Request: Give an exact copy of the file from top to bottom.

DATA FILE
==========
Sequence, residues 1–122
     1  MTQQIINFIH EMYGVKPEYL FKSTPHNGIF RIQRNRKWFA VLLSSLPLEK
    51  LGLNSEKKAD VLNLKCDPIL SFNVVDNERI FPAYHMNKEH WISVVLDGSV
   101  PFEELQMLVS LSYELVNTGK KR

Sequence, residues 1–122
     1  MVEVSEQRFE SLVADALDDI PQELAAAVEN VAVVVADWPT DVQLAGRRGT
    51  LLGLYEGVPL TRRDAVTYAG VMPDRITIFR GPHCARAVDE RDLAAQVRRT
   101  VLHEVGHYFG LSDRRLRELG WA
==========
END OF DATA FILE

Sequence, residues 1–122
     1  MTQQIINFIH EMYGVKPEYL FKSTPHNGIF RIQRNRKWFA VLLSSLPLEK
    51  LGLNSEKKAD VLNLKCDPIL SFNVVDNERI FPAYHMNKEH WISVVLDGSV
   101  PFEELQMLVS LSYELVNTGK KR

Sequence, residues 1–122
     1  MVEVSEQRFE SLVADALDDI PQELAAAVEN VAVVVADWPT DVQLAGRRGT
    51  LLGLYEGVPL TRRDAVTYAG VMPDRITIFR GPHCARAVDE RDLAAQVRRT
   101  VLHEVGHYFG LSDRRLRELG WA